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Los Angeles

The Loft at Liz's

Exhibition Detail
The Four Seasons of Flora & Spice
453 S. La Brea Ave
Los Angeles, CA 90036


May 12th, 2012 - June 26th, 2012
Opening: 
May 12th, 2012 7:00 PM - 10:00 PM
 
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mid-wilshire
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The Four Seasons of Flora & Spices is a fine art exhibition which takes us thru the seasons turning the gallery space into a veritable garden of flora, citrus blends, and spices by eleven artists. Works in the show comprise a variety of genres and excellent craftsmanship by artists who have received critical acclaim, having shown at national and international venues. Many of the works are a celebration of the continuum of life. Curated by Charity Burnett and Liz Gordon.

Opening reception - Saturday May 12th – 7pm to 10pm.
Artist Panel Discussion
- Saturday June 16th – 1:30pm to 3pm
Exhibit featured through Tuesday June 26, 2012

Curator Charity Burnett hosts micro-exhibitions at Sangria Fine Arts in the San Fernando Valley and curates in Los Angeles. She facilitates Sangria Studio Visits and Lunches for artists, curators, and collectors. Burnett also leads groups of art enthusiasts on tours of the Los Angeles art scene. Burnett attended Art Center College of Design and is a painter having shown at Bergamot Station, Angels gate Cultural Center, and Andlab. 

Curator Liz Gordon developed The Loft at Liz’s in 2007 (above Liz’s Antique Hardware) as a unique and innovative Los Angeles gallery.  With a featuring of both renowned and emerging artists the gallery provides a blend of fine art, artist panel talks, various workshops and a wide variety of cultural events.  Supporting both southern California artists as well as a myriad of international exhibitions, The Loft at Liz’s continues to shift the paradigm of the modern gallery through its featuring of both contemporary works and historically significant contributors to the arts.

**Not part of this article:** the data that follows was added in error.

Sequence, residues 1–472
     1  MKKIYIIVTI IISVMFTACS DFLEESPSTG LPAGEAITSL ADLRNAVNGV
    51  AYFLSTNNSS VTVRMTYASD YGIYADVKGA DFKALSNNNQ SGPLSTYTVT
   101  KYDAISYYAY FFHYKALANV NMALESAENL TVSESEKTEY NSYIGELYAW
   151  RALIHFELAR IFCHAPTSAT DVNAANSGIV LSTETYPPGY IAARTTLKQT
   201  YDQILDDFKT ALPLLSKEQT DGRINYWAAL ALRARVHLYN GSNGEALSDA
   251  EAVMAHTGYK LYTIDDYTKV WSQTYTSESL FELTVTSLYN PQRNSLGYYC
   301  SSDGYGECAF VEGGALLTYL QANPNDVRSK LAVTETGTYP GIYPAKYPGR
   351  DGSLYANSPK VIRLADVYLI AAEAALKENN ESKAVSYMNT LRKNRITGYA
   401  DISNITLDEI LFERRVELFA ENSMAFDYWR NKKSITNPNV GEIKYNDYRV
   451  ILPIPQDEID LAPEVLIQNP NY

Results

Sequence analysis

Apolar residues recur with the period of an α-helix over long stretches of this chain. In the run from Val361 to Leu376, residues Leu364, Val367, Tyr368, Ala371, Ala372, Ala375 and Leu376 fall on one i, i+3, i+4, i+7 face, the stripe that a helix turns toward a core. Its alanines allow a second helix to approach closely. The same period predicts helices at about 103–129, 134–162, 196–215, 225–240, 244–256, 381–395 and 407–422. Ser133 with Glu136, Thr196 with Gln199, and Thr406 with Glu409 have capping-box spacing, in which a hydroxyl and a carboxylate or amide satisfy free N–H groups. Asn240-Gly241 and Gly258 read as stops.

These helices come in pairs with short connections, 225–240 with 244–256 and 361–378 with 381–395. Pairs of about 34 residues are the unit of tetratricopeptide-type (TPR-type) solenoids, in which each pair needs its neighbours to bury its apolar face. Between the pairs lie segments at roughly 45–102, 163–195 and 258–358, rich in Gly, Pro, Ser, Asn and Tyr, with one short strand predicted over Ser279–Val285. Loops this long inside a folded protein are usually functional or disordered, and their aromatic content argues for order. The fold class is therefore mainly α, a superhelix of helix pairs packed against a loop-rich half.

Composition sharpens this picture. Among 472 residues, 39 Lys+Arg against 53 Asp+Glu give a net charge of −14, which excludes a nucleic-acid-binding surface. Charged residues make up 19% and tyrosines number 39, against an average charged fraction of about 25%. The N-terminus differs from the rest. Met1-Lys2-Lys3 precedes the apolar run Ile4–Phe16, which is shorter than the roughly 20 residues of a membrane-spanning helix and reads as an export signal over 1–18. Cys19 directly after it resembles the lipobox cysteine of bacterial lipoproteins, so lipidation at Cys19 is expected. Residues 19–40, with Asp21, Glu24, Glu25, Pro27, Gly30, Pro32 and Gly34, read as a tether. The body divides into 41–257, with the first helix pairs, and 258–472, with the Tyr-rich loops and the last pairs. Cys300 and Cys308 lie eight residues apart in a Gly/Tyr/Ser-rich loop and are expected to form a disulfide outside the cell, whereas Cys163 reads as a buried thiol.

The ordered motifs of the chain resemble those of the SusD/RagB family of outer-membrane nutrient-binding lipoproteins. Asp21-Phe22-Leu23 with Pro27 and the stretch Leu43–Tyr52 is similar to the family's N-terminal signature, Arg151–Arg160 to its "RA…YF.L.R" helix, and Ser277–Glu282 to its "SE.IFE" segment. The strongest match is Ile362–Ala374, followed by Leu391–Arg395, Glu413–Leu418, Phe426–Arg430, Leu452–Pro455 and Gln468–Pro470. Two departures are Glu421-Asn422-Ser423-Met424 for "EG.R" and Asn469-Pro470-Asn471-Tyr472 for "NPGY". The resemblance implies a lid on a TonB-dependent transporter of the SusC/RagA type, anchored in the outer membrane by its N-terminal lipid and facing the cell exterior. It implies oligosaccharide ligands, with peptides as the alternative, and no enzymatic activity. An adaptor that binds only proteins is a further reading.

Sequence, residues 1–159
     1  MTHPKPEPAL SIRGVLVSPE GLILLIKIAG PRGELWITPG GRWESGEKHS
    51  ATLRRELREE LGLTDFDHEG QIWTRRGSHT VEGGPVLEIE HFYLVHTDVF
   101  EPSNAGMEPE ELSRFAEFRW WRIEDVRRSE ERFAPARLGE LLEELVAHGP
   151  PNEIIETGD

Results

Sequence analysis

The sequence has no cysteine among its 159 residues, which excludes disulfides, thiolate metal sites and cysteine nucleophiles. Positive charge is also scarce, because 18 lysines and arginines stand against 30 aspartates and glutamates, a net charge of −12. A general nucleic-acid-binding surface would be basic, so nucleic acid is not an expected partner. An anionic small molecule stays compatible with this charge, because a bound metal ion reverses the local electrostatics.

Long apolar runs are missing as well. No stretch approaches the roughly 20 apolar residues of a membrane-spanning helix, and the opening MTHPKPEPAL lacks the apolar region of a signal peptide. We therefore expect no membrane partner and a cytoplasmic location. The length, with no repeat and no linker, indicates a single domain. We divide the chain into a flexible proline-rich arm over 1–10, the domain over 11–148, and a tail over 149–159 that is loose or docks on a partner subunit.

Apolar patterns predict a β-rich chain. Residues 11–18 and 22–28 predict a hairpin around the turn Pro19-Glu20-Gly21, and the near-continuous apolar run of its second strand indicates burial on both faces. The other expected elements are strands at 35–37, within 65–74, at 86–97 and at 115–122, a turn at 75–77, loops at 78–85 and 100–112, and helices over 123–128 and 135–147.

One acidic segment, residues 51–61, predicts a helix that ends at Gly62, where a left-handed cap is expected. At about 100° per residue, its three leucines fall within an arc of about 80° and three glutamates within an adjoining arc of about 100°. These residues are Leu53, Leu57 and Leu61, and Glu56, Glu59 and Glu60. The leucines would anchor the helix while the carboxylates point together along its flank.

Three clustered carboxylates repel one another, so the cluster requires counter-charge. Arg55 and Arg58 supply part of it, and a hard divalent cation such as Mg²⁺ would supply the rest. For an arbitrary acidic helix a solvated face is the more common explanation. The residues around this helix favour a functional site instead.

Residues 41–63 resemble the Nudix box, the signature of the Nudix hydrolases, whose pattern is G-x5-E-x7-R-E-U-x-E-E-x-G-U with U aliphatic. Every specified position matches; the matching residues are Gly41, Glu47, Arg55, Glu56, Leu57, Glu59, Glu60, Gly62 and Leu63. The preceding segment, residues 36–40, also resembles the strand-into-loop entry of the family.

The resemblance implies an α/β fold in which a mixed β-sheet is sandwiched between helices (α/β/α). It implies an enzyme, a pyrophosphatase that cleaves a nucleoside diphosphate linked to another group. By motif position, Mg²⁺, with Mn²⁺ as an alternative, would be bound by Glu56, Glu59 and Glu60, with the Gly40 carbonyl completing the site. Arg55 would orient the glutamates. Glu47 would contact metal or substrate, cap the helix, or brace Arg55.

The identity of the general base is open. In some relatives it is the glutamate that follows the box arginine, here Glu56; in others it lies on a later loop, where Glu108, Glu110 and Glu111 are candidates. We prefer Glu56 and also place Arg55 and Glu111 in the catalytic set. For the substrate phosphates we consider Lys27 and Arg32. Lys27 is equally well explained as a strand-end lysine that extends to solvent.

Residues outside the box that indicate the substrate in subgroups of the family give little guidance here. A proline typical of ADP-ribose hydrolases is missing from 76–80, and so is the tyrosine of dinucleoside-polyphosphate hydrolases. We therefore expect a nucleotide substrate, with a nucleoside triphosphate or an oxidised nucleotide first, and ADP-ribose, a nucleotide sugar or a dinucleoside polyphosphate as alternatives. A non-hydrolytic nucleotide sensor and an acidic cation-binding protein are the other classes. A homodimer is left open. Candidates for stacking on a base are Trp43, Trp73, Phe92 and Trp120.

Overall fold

FEATURING ORIGINAL WORKS BY: Sharon Bell, Alison Foshee, Bob Francis, Renée A. Fox, Lynda Pizzuto, Karen Sikie, Mike Street, Sharon Suhovy, Ruth Trotter, Jane Park Wells, Lori Zimmerman.

Domestic gardener and collage-painter, Sharon Bell, explores a digital direction for this show. Inspired by her substantial “home-garden documentation,” the LA artist samples motifs of flowers for the season in which they bloom. Using textured wallpaper samples and film clips, Bell combines multiple patterned motifs by abstracted them into painterly sequenced compositions. Bell attended Claremont Graduate University, and Otis College of Art and Design.